APS News

Nikitin Slams Russian Nuclear Waste

Environmental activist Aleksandr Nikitin
Environmental activist Aleksandr Nikitin. Alan Chodos/APS
The radioactive fuel contained in the submarine Kursk that sank in the Barents Sea on August 12 is a tiny problem compared to the severe environmental threat to the Russian north posed by the 60 tons of spent nuclear fuel that has been excreted by Russian naval vessels.

This point was made by environmental activist Aleksandr Nikitin in an address to the American Chemical Society at their meeting in Washington in August. Nikitin has been persecuted for his activities in his native Russia and tried for treason. He was acquitted in December of last year by a St. Petersburg court, after intense international protest, including an open letter on his behalf written by then APS President Jerome I. Friedman in November, 1999. His case was appealed by the prosecution to the full Presidium of the Russian Supreme Court, but the appeal was denied on September 13, thereby probably bringing his prosecution to an end.

The Russian solution to the spent fuel problem is to transport it by train to the reactor at Mayak for reprocessing, a procedure Nikitin regards as unacceptable because the transportation is slow and dangerous and the reactor itself is leaky and pollutes the environment. He recommends that on-site storage facilities be built until more permanent disposal alternatives can be found.

On the other hand, Nikitin is spearheading a campaign, both in Russia and abroad, to stymie efforts to turn Russia into the repository of nuclear waste from the rest of the world. He described the Russian leadership as thinking that "Russia is a huge country, there is plenty of room to store nuclear waste without affecting the population," and he appealed to both the US government and the American scientific community to reject any offer to send nuclear waste to Russia.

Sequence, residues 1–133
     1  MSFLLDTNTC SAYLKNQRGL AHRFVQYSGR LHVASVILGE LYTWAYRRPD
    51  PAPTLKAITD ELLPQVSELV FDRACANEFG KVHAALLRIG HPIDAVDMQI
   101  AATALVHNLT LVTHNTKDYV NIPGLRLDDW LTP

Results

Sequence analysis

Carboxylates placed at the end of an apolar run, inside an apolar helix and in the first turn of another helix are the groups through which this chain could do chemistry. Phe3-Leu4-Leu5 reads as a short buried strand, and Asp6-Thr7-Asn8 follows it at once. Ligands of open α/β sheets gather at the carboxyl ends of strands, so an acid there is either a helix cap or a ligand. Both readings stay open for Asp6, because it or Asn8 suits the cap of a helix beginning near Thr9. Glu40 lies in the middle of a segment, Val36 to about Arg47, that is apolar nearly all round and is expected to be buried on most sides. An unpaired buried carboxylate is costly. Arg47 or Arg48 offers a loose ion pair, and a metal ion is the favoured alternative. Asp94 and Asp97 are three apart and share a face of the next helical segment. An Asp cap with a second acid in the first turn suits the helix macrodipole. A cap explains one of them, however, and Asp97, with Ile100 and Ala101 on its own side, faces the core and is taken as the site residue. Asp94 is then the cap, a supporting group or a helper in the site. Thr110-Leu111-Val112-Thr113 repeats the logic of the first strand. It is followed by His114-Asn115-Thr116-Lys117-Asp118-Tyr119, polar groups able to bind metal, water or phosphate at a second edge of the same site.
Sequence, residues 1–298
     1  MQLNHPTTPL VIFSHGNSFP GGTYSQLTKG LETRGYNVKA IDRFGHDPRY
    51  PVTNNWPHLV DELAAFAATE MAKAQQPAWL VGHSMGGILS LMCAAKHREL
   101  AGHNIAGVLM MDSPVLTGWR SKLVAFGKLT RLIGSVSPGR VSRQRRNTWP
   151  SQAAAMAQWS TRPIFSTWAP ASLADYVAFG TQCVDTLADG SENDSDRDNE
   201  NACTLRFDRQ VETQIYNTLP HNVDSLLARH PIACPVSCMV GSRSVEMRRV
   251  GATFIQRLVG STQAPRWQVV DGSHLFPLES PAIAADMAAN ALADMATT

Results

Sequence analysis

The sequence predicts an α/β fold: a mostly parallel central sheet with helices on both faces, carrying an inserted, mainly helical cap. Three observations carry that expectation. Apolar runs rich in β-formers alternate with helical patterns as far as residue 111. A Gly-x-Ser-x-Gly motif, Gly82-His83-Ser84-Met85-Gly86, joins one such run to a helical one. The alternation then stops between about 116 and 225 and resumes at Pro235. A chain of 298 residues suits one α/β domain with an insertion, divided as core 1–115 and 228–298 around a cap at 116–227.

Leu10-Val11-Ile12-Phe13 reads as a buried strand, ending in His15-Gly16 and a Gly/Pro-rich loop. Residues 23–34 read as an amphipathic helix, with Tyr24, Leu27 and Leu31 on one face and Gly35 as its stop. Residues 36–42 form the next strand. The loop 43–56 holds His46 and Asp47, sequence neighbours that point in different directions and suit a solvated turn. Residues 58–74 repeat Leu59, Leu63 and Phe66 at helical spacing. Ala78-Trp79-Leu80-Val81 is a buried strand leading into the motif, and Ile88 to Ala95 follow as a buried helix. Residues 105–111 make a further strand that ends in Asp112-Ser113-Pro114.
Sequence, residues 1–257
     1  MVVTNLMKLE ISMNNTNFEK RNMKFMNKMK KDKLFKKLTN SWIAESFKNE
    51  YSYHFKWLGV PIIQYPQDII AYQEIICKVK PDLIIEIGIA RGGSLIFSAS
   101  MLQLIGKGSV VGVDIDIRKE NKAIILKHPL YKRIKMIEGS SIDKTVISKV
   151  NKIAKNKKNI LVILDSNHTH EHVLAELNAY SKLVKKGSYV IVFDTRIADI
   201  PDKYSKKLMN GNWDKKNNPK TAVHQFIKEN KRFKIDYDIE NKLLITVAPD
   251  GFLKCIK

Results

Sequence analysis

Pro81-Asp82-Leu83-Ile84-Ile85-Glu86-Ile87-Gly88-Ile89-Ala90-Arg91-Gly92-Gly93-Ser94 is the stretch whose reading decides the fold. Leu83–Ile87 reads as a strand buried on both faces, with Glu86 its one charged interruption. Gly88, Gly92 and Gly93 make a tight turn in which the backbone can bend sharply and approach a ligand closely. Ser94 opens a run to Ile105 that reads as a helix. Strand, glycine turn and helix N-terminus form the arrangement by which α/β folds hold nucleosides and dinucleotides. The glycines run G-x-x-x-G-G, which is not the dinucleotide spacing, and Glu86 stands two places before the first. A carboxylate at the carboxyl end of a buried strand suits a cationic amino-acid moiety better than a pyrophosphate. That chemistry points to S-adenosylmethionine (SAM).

Calling on his 23 years' experience in the Russian navy, including 11 years on submarines, Nikitin hypothesized that the Kursk sank because of human error in navigating in relatively shallow waters. He believes the craft collided with the seabed, which caused one or more of the torpedoes aboard to explode. In his estimation, this led to the breach of two of the four containment levels for the nuclear fuel, and he thinks that once the third level is breached by seawater, in about a month, some leakage of radiation could occur. This puts him at odds with American expert Andrew Karam of the University of Rochester, who has been quoted in the press as saying that there is no danger of radioactive leakage from the Kursk into the indefinite future.

When asked why the Russians did not ask sooner for international help in reaching the trapped sub, Nikitin said "You have to understand the mentality of the Russian military. The admirals care only about their shoulder boards and their cushy positions. They did not dare tell Putin that they couldn't do the job themselves."


©1995 - 2016, AMERICAN PHYSICAL SOCIETY
APS encourages the redistribution of the materials included in this newspaper provided that attribution to the source is noted and the materials are not truncated or changed.

Editor: Alan Chodos
Associate Editor: Jennifer Ouellette